Aeration of Buildings

The following article is from The Great Soviet Encyclopedia (1979). It might be outdated or ideologically biased.

Aeration of Buildings


the orderly natural ventilation which occurs because of the density difference between the external and internal air and the action of the wind on the walls and roof of a building. Aeration is used in industrial buildings and shops (forges, foundries, rolling mills, and such) which have considerable excess heat, making possible ventilation rates of up to millions of cu m/hr without expending energy to move the air. In the aeration of buildings, external air enters a room through windows (apertures) without preheating in the lower part of the building and forces out the warm and polluted air through apertures or ventilation skylights in the upper part of the building. In order to avoid catarrhal illnesses during a cold period, the apertures for the entering air are opened at a height of no less than 4 m from the floor. To keep the wind from disturbing the operation of the aeration exhaust skylights, wind deflectors are mounted in front of the skylights to prevent them from blowing in. The flaps of the windows and skylights are fitted with mechanical regulating devices.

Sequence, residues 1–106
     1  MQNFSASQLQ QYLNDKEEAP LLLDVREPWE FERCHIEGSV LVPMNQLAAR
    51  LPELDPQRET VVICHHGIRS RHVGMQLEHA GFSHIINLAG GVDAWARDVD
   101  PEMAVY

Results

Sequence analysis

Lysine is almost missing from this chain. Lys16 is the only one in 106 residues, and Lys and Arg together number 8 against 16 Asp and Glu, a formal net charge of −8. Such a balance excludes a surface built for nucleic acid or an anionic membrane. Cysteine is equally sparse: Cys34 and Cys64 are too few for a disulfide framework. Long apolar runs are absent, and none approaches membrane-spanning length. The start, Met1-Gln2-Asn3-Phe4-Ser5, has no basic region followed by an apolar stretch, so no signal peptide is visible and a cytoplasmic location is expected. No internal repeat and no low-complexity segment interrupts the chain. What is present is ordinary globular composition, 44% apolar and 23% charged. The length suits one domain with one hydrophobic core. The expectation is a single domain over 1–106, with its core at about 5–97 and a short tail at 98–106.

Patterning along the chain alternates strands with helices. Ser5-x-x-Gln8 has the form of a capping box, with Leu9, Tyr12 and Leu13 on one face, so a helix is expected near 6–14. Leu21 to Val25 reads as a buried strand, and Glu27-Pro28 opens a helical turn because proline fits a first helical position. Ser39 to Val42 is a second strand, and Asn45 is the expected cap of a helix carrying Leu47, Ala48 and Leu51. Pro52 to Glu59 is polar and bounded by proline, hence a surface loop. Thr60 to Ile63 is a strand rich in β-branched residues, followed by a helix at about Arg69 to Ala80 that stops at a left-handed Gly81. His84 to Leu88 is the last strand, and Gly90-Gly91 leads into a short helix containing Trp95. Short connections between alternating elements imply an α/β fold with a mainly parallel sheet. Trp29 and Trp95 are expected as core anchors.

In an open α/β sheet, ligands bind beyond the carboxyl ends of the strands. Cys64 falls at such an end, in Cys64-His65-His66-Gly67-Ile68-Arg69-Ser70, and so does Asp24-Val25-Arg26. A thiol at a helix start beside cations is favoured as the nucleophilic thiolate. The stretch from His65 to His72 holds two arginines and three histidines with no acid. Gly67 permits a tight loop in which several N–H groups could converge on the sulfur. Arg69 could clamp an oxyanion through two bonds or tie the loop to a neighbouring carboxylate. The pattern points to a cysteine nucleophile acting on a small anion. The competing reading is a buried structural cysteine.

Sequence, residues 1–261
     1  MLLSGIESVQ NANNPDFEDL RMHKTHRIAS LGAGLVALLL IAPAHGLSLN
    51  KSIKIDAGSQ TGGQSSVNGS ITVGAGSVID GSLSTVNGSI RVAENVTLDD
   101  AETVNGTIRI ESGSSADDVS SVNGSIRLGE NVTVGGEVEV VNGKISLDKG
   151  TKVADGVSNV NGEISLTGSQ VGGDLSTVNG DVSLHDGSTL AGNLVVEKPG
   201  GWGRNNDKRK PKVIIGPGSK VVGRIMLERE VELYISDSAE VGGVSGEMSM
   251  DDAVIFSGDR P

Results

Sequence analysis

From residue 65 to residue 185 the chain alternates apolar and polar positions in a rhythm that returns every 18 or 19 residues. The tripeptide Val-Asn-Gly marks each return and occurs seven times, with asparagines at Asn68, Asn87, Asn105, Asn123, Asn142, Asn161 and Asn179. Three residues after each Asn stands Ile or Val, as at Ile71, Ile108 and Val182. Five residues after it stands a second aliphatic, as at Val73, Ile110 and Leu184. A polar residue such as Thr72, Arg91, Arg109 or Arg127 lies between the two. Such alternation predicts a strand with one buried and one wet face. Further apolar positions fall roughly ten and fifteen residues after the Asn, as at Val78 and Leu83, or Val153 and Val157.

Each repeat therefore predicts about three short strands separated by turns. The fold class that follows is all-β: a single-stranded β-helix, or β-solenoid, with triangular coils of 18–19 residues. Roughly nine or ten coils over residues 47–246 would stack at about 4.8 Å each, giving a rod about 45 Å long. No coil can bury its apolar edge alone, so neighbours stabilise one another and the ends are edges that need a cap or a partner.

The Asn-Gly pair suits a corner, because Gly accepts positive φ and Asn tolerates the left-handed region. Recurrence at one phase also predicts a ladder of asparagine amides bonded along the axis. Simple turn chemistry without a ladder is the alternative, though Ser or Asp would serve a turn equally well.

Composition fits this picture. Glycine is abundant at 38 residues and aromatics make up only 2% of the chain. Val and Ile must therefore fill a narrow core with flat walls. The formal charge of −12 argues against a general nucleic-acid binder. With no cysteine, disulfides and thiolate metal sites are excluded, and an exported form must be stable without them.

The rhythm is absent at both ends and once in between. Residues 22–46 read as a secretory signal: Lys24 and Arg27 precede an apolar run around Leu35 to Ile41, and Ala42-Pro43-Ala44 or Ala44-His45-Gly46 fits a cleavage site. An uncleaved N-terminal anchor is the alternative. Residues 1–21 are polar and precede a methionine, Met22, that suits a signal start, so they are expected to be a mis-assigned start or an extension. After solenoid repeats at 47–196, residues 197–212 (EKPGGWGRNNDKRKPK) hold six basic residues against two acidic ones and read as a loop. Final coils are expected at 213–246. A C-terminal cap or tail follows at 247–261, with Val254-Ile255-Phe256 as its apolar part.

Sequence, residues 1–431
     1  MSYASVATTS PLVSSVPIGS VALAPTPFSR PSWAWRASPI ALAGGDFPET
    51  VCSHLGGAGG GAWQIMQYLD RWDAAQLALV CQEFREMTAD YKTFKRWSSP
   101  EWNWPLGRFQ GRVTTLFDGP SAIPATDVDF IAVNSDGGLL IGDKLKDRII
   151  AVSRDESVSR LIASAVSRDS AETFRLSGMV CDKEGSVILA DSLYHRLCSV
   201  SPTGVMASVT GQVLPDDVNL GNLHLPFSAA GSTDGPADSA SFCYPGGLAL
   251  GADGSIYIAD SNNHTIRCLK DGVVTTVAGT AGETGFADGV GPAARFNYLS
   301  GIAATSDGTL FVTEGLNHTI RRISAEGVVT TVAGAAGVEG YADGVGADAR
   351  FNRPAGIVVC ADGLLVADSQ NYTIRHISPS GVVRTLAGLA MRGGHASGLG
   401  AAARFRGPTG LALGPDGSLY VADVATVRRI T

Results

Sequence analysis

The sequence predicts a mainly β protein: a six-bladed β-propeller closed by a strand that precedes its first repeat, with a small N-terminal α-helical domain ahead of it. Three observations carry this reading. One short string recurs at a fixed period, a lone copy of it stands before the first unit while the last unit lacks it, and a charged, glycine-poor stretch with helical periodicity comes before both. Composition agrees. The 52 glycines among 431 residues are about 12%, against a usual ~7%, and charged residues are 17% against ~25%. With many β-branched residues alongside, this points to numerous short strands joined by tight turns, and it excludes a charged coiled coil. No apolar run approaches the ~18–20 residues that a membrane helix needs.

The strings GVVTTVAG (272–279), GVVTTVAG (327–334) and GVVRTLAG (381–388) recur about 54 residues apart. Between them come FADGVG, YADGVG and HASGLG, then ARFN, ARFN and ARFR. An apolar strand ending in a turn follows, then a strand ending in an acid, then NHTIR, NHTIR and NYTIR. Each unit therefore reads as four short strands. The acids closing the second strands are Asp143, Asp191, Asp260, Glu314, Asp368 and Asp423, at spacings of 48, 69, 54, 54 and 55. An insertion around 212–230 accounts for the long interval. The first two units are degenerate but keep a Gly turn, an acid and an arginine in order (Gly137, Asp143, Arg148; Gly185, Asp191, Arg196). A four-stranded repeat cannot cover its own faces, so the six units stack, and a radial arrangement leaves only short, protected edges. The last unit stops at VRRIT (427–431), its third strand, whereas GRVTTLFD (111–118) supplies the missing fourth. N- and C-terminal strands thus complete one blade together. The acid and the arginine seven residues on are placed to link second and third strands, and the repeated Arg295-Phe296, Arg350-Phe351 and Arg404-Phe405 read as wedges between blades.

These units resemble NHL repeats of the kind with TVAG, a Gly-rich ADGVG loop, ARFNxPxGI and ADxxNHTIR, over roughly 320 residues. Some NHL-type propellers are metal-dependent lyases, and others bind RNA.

Baturin, V. V., and V. M. El’terman. Aeratsiia promyshlennykh zdanii, 2nd ed. Moscow, 1963.
Baturin, V. V. Osnovy promyshlennoi ventiliatsii, 3rd ed. Moscow, 1965.


The Great Soviet Encyclopedia, 3rd Edition (1970-1979). © 2010 The Gale Group, Inc. All rights reserved.